San Francisco is really one of the most beautiful cities anywhere. Definitely not without its flaws, but the combination of the architecture, steep hills, natural surroundings, and that golden California light is heavenly. I could probably paint there forever. One of my good friends lives in SF now, which gives me a good reason to visit, but honestly I'd be living there now...if only I could afford it. that income inequality tho 😩
I barely made it out of SeaTac. Snowmageddon began as I was waiting at the security checkpoint, and then we sat on the runway for a couple hours waiting to be de-iced. Passengers around me were starting to lose it, but I had a window seat and a sketchbook, and I tricked myself into being less impatient by sketching the view out the window — instead of being desperate for the plane to move, I was appreciative of the fixed viewpoint. Apparently we were the last SEA plane allowed into SF's airport that afternoon. Blessed!
First full day in the city! It was supposed to rain the whole weekend, but when we woke up it was sunny. I bolted upright from bed, threw on some clothes, and went out on the town to make the most of the small window of not-rain with my friend Lauren. We went to this great brunch spot called Greens, in an old warehouse/former Navy area on the water. The views of the marina are pretty great from here, seen through a whole wall made of windows. The food was also excellent!
Lauren knows the best spots, one reason I love to visit her. We split the most expensive bottle of wine I've ever purchased (thanks S.F.) and watched the sun set over the hills from this sky bar called The View on the top of the Marriott downtown. Another place with really striking windows. Though once the sun set, there was very minimal lighting so I couldn't see what I was painting, and of course the light is constantly changing at this time of day, not to mention the weather - sunny one minute, raining the next, and on.
Next day, I did a solo sketchwalk for a couple hours around one of my favorite neighborhoods in SF, Nob Hill. It's extra steep, just how I like it. I didn't have much time here, so on this sketch I went straight to ink – using up some colored water soluble ink cartridges (the kind that are made for the parallel pens) instead of my usual permanent Carbon Black or rapidograph inks. Trying to play with the soft/hardness you get when applying water selectively, but it's sad when you really like that underdrawing and it just melts away...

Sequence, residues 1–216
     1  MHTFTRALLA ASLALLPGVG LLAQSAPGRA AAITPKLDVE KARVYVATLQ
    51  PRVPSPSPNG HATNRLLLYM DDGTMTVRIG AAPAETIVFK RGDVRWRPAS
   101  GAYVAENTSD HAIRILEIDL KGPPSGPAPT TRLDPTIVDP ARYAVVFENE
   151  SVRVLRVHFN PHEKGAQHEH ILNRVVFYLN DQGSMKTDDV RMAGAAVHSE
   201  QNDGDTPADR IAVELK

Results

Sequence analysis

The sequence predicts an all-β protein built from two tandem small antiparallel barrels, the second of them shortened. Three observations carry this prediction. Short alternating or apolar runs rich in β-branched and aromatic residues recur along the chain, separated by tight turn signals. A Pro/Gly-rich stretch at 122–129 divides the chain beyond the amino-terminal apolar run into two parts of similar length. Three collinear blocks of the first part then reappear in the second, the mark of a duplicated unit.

I want to capture the golden light I see in California (and to a lesser extent in Seattle too) but it's truly elusive. I can't really explain it, but I could point it out to you when it's there. Do you know what I mean? There is definitely a difference between the west coast light and the east coast light, especially later in the days when it's clear out.
Ina Coolbrith Park: a place I'm intimately familiar with, yet never set foot in until last week. I was commissioned to illustrate the view from here last year, a project I remember being super frustrating despite the appealing subject matter; I spent (too many) hours staring at photos and street view here. It's quite a strange feeling to know a place so well but without having been there. Anyway, it's a wonderful viewpoint – this is only a fraction of what you can see from this small hillside park!
These are some beautiful sketches, Eleanor. Love all that color that you've used so well. The golden light is palpable. I was just on the eask coast and I saw some striking light especially just around sunset when it was clear and cold. But you're right the California light is golden. I think its the warmer air. Light and heat. :)ReplyDelete
Thank you Jane! It's definitely something in the air. I'll go with "Pacific wind currents" which also accounts for the warmer air, right?ReplyDelete